Declaring bankruptcy really isn’t the end of the world, but it does have considerable consequences that will have a bearing on your finances in the future. I’ve found that most of the time, focusing efforts on building a bright future is the best way for folks to manage their bankruptcy and succeeding recovery. To do this, however, folks need to realise exactly what bankruptcy entails so they can effectively budget, plan, and rebuild their wealth in the most productive way possible.
One of the most frequent questions I get asked relates to how bankruptcy will affect child support payments. Although this topic may seem fairly straightforward, I’ve found that it creates a lot of misunderstanding so today we’re going to take a closer look and attempt to clear up some of that confusion.
Does bankruptcy cover child support debts?
Even though bankruptcy releases you from a range of debts, child support is not one of them. If you owe a sizable amount of money in child support when you file for bankruptcy, it will not be released in bankruptcy so it’s best to phone the Department of Human Services (DHS) and discuss a repayment plan. If, for whatever reason, you feel the assessment delivered by the DHS is inaccurate, you can dispute this.
How is child support measured?
The DHS is accountable for managing and working with separated parents on child support assessments. To determine how much child support you must pay, the DHS look at both your income and your care percentage of the children involved. By using your latest tax return as a benchmark, the DHS will use these figures to calculate your anticipated income for the upcoming year. This showcases the benefit of keeping your tax returns up to date, and any alterations to your circumstances should be reported to the DHS immediately.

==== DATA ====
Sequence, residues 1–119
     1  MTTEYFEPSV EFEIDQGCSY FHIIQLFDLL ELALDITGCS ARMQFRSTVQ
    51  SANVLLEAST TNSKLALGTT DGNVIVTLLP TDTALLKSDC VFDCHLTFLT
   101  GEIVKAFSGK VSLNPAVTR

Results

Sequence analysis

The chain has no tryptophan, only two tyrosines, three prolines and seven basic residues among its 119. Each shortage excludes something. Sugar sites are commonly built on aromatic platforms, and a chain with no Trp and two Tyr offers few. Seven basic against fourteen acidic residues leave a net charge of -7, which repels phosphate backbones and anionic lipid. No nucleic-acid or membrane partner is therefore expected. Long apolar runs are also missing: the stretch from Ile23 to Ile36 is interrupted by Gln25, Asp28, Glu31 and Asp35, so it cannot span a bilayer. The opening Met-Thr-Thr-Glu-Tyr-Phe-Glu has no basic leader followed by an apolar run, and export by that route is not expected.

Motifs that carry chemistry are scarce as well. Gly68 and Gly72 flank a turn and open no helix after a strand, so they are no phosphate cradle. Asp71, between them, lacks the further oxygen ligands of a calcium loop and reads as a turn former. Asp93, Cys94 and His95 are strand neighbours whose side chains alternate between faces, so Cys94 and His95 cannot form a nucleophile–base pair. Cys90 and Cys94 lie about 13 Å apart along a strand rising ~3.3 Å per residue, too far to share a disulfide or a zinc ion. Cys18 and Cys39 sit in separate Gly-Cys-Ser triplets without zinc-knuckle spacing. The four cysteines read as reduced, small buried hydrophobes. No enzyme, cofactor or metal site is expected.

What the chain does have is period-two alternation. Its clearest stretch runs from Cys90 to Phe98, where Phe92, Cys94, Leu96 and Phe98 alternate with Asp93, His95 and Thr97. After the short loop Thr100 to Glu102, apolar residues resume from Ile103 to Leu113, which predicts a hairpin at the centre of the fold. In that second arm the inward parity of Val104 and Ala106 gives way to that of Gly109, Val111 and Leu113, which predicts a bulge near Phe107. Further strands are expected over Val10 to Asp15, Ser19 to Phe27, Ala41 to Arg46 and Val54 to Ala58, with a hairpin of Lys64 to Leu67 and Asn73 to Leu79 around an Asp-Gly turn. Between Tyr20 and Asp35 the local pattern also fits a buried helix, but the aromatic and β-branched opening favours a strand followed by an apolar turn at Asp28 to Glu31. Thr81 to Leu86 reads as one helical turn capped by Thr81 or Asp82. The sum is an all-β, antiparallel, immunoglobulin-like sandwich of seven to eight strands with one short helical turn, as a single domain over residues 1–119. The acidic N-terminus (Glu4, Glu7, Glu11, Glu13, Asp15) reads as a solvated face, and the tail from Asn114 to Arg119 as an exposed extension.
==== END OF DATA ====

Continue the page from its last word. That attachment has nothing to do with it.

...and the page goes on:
Income contributions to your bankrupt estate
An income threshold is utilised to establish if a bankrupt person can afford to contribute some of their income to pay off the debts in their bankrupt estate. Despite this, issues like income tax, the number of dependents, fringe benefits, salary sacrificing, and child support will alter your income threshold. The following table features the related threshold limits as of September 2017:
The DHS define a dependent as an individual who lives with you most of the time and earns less than $3,539 yearly.
Assuming you earn over the income threshold, your trustee would figure out your income contributions to your bankruptcy estate with the following formula:.
(assessable income – income threshold amount) ÷ 2
As a result, every 50 cents you earn over your income threshold will be used to repay the debts in your bankrupt estate.
As an example, if you earn $110,000 yearly before tax, you’ll most likely be paying roughly $30,500 each year in tax. Your assessable income would therefore be approximately $79,500. Assuming you have no other income and no dependents live with you at home, your trustee would calculate your bankruptcy payments as follows:.
($79,500 – $55,837.60) ÷ 2 = $11,831.20 (or approximately $986 each month).
Child support contributions.
Your child support contributions are subtracted from your taxable income so the more child support you pay, the less money gets contributed to your bankruptcy estate. Using the previous example, if you are required to pay $15,000 in child support payments yearly, your assessable income would be decreased from $79,500 (income after tax) to $64,500.
After delivering your trustee with a copy of your child support assessment from the DHS, your trustee would figure out your bankruptcy payments as follows:.
($64,500 – $55,837.60) ÷ 2 = $4,331.20 (or approximately $361 per month).
Although combining family law and bankruptcy can be a little perplexing, there’s always somebody to assist you at Bankruptcy Experts Lismore. If you have any further queries relating to bankruptcy and child support payments, or you just need some friendly advice, phone our team on 1300 795 575, or alternatively visit our website for further information: www.bankruptcyexpertslismore.com.au